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Certainly, Sir. I think the unhappy fact must be faced that in not carrying out the Cowan Plan in the form it should have been carried out the responsibility lies primarily on the officer who was the subject of the Disciplinary Inquiry. There were a series of extenuating circumstances, which involved others, and I have dealt with them. Here I must say that I hope the House will remember particularly the difficult circumstances of the detention camps in Kenya, even though they have been reduced in size now to a mere fraction of what they were before and that there will be understanding and sympathy for Mr. Sullivan in the misfortune that has come to him, the anxieties and sadness of which will remain with him for the rest of his life. I think the House should remember that in justice to someone who has done loyal service hitherto.
The hon. and learned Member for Ipswich asked me certain questions about detention in Kenya, Northern Rhodesia and Nyasaland. They were not very detailed questions. They were generally directed to the query as to whether I thought that these sort of regulations were appropriate in the modern age. Of course detention without trial is a desperate remedy for a desperate situation. All Governments in the United Kingdom in recent years have had to practise it. I take it that when right hon. Members opposite have defended detention without trial from this Box they have disliked the task as much as I do tonight or on any other occasion. The basis of its introduction and continuation is that a desperate situation exists.
Let justice be done, though the heavens fall
is often said, but, if the heavens do fall, justice cannot be done for there is no one to enforce it and no peace in which it can take effect. That is why it is widely recognised, for instance, in Article 15 of the Declaration of Human Rights, that circumstances can exist the exigencies of which strictly require and justify some abrogation from the rights of the individual. I can assure the hon. and learned Member that I am as anxious as he to see detention without trial brought as swiftly as possible to an end, whether in Kenya, in Northern Rhodesia, in Nyasaland or anywhere else, but I must have regard to the safety and security of the State.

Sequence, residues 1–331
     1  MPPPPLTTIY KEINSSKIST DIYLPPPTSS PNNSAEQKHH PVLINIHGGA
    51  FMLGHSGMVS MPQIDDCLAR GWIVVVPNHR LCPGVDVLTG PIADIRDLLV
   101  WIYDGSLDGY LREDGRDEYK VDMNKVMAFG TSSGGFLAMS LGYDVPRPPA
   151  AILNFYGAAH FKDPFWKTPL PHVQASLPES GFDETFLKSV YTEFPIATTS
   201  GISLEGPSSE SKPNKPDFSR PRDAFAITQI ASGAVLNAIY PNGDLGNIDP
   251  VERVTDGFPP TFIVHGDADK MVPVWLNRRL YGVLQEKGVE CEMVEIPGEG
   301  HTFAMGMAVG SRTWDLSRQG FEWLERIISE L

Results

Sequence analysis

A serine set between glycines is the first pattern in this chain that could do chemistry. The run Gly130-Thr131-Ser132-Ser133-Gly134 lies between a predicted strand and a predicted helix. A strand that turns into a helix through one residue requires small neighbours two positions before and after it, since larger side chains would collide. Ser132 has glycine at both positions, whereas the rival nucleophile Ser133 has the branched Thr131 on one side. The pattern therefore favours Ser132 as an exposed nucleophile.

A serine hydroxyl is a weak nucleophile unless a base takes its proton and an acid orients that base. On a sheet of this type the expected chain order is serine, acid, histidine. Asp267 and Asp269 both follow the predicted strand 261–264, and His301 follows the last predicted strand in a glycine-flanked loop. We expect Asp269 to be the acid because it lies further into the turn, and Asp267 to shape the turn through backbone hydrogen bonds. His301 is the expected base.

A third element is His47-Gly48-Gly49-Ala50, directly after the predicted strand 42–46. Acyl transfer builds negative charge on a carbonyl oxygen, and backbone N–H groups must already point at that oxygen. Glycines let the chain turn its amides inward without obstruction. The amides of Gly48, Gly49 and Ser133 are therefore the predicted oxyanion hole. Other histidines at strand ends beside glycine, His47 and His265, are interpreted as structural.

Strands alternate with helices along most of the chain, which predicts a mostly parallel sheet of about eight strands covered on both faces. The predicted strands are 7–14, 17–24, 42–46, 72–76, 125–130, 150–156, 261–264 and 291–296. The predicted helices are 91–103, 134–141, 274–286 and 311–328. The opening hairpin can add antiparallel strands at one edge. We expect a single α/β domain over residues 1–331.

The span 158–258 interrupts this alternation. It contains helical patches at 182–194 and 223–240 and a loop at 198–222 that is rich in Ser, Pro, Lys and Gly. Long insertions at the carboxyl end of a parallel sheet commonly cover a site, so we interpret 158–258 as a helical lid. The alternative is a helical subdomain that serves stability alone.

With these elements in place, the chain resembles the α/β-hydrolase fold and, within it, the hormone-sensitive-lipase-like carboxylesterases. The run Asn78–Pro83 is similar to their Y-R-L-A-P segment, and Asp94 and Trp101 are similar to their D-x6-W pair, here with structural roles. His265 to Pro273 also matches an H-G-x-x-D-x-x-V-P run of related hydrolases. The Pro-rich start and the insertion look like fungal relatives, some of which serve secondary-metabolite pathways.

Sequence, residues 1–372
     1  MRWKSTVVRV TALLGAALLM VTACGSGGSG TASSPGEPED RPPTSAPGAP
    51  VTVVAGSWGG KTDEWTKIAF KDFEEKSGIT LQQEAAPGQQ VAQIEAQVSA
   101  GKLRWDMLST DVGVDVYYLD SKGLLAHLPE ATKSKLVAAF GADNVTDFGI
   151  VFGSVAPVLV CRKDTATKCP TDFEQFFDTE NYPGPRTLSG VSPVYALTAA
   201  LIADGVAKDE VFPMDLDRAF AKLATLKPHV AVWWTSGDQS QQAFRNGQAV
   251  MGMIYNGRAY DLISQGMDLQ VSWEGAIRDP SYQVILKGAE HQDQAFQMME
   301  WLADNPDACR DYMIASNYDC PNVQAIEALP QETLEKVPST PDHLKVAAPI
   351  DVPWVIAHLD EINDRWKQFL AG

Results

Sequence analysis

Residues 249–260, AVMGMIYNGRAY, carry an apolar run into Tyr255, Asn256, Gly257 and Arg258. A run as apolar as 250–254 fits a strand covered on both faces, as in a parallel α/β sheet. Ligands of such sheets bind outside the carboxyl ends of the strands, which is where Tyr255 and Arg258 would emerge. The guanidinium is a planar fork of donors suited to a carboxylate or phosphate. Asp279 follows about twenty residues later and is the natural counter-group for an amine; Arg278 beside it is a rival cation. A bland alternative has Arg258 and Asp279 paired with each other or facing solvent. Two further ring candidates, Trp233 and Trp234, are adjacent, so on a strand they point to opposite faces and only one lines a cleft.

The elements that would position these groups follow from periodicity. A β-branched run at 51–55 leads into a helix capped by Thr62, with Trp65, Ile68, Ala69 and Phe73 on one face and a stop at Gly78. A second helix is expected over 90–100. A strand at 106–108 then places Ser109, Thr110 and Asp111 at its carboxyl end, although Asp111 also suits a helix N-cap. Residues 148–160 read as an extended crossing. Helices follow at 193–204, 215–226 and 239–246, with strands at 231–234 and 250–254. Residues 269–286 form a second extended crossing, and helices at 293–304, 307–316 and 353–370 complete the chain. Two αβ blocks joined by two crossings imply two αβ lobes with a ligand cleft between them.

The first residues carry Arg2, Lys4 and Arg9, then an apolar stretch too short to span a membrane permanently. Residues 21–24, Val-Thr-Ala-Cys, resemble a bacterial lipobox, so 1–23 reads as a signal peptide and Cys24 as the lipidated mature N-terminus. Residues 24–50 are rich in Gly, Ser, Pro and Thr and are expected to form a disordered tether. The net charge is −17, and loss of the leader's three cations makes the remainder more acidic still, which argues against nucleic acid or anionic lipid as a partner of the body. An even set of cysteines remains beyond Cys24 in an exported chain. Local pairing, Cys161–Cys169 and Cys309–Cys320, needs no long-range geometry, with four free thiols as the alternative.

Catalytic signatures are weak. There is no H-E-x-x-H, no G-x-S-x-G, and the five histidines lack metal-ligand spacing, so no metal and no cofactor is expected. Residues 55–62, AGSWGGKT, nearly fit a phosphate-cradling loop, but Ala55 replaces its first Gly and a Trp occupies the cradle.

I have said earlier that the Governor had had an opportunity of consulting Mr. Fairn, and I quoted some words which Mr. Fairn had used about the difficulty of returning detainees to their homes until they had been thoroughly rehabilitated. I have been asked about the Fairn Report and when it will be published. The Report has been completed and is with the Government of Kenya, but they are anxious, as is invariably the practice, to publish their own recommendations and decisions along with the Report. There is nothing to hide in the Report. I hope that the hon. Member for St. Pancras, North will believe me that there is nothing to hide in the Report and nothing that I am not perfectly prepared for the House to know. I am anxious, however, to have the decisions of the Government of Kenya published at the same time.
With this careful and independent analysis before us, we shall, I believe, be able to face the future in Kenya with courage and with good hope, but it would be the height of folly to ignore the real demands of society as a whole in Kenya or Northern Rhodesia or Nyasaland and to risk its complete upset once more by the release of the remaining detainees, many of whom in Kenya are really convicted criminals whose sentences have been suspended. There will be an opportunity tomorrow to deal in detail with detention—